Position coach Zach Smith is the perpetual scapegoat here. Despite sending nine receivers to the NFL over the last three years — including undrafted free agents — the consistency and production hasn’t always been there. Last year, that was magnified. With a new-and-improved offensive attack this season, if there are once again issues with the wideouts, there will be one collective finger pointing at Smith.

I kind of get the feeling that Johnnie Dixon is itching to have an end zone celebration or two. The guy has to be feeling the football equivalent of cabin fever. He’s been cooped up for basically his first three years as a Buckeye due to knee injuries. He’s played in 13 total games and has just seven career catches. He scored his first career touchdown last season, but it came on the ground. His first touchdown reception in 2017 will be celebration-worthy given how far he has had to come to get to this point.

New offensive coordinator Kevin Wilson recruited both Terry McLaurin and Austin Mack when he was the head coach at Indiana. Both players are Hoosier-state natives, so when Wilson arrived at Ohio State he was already familiar with them. When practice began, however, that familiarity brought some faux-contempt, as Wilson gave his former recruits grief. McLaurin said Wilson teased him the first couple of days of practice, saying that he couldn’t catch. After a few days of McLaurin catching everything thrown his way, however, the chiding died down.

Both Urban Meyer and Zach Smith have said that sophomore Binjimen Victor can do anything he wants to on a football field, but he’s still young and raw and learning. Once he puts it all together, however, Meyer said he could be the best he’s ever had. Smith’s job is to make that happen, and preferably sooner given the need for players to step up. At 6-foot-4 and 195 pounds, Victor is stronger and faster than he was a season ago, but he showed in the spring game that he still has work to do in bringing the contested passes down. A summer in the weight room will help in that regard.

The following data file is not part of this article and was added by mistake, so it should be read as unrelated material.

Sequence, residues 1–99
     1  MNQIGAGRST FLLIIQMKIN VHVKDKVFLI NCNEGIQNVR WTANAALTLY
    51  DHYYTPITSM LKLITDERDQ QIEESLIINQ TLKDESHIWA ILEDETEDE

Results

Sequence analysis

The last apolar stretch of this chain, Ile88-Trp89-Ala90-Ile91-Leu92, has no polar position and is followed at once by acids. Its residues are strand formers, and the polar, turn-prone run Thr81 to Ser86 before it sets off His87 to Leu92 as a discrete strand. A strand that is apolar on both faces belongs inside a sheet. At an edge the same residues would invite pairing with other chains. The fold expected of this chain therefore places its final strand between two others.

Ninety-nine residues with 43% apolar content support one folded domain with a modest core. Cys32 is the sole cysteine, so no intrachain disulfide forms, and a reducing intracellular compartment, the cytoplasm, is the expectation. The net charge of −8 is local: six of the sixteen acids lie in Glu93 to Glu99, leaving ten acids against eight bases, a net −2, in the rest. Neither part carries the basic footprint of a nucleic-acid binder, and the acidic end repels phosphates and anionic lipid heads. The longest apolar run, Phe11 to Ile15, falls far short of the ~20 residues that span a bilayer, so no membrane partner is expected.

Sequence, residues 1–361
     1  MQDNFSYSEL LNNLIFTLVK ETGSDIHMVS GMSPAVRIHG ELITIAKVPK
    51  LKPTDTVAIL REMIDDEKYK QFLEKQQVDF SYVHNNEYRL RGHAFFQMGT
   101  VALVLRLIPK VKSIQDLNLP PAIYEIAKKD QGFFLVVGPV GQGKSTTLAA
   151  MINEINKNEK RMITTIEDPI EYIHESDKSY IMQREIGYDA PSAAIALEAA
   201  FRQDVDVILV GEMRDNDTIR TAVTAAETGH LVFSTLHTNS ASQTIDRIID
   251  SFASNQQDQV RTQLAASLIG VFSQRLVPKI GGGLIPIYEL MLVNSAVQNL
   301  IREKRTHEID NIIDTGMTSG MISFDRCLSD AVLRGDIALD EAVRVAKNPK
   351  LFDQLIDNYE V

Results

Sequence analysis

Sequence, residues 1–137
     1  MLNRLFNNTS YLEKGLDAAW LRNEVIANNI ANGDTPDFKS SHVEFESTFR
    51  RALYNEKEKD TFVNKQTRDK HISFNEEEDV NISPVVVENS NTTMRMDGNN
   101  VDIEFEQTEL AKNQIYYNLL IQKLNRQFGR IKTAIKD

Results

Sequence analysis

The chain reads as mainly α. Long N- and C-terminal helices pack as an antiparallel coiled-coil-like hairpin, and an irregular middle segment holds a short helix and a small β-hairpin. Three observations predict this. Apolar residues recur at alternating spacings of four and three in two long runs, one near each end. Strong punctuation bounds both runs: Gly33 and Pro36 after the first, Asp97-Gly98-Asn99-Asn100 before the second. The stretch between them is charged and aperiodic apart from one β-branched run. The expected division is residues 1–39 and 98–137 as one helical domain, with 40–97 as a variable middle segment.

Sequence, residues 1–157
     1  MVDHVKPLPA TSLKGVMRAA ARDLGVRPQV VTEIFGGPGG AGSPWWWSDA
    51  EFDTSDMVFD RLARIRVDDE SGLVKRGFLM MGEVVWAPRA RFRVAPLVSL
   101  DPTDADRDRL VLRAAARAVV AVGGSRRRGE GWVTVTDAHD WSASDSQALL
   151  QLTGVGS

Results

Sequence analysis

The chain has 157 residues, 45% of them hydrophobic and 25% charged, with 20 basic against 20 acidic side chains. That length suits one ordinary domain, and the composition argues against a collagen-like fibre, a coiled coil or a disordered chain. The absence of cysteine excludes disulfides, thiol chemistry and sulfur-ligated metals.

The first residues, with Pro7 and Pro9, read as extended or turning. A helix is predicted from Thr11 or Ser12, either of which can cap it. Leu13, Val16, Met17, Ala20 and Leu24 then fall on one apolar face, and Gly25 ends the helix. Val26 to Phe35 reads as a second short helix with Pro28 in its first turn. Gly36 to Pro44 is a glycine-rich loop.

The youngster who should be doted on most isn’t yet on campus. Trevon Grimes might be the best receiver recruit the Buckeyes have signed under Urban Meyer. He’s still recovering from an ACL tear, so he wouldn’t have been available to do anything this spring even if he had enrolled early. Fellow freshman Brendon White was on campus, however, and got better each week. As Zach Smith said, White doesn’t always know what he’s doing, but he still finds a way to make plays with the ball in his hands. That’s a skill that a coach can work with.

I was expecting more from sophomore Austin Mack this spring, but he was dealing with small injuries throughout camp. He’s sort of bubbling under the surface right now, but a good summer could see him shooting up the depth chart and promoted to starter. He came to Ohio State with plenty of expectations a year ago, and played in 11 games as a true freshman, but caught just two passes.

Both Binjimen Victor and Austin Mack were hampered with injuries this spring, and everybody is going to hold their breath where Johnnie Dixon is concerned. Victor and Mack both played in the spring game and never really missed time during camp, so don’t get too concerned. Dixon made it through every practice, which is a tremendous sign and a tremendous relief for the Buckeyes. Trevon Grimes is doing very well in his recovery and is expected to be full go for fall camp. Right now, everything looks good for the wideouts and their health in 2017.